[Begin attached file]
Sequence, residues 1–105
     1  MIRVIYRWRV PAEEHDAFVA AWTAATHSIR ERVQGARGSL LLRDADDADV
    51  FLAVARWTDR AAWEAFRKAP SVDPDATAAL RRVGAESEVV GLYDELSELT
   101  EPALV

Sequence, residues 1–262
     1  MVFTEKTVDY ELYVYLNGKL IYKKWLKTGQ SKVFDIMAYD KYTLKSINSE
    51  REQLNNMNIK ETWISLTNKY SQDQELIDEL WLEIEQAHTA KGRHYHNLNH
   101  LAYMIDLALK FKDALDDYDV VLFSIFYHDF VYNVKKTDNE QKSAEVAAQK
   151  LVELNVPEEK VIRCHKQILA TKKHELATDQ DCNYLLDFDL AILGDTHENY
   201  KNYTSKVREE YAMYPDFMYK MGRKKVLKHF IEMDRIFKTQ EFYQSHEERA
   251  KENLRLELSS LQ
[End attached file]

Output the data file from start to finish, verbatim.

Sequence, residues 1–105
     1  MIRVIYRWRV PAEEHDAFVA AWTAATHSIR ERVQGARGSL LLRDADDADV
    51  FLAVARWTDR AAWEAFRKAP SVDPDATAAL RRVGAESEVV GLYDELSELT
   101  EPALV

Sequence, residues 1–262
     1  MVFTEKTVDY ELYVYLNGKL IYKKWLKTGQ SKVFDIMAYD KYTLKSINSE
    51  REQLNNMNIK ETWISLTNKY SQDQELIDEL WLEIEQAHTA KGRHYHNLNH
   101  LAYMIDLALK FKDALDDYDV VLFSIFYHDF VYNVKKTDNE QKSAEVAAQK
   151  LVELNVPEEK VIRCHKQILA TKKHELATDQ DCNYLLDFDL AILGDTHENY
   201  KNYTSKVREE YAMYPDFMYK MGRKKVLKHF IEMDRIFKTQ EFYQSHEERA
   251  KENLRLELSS LQ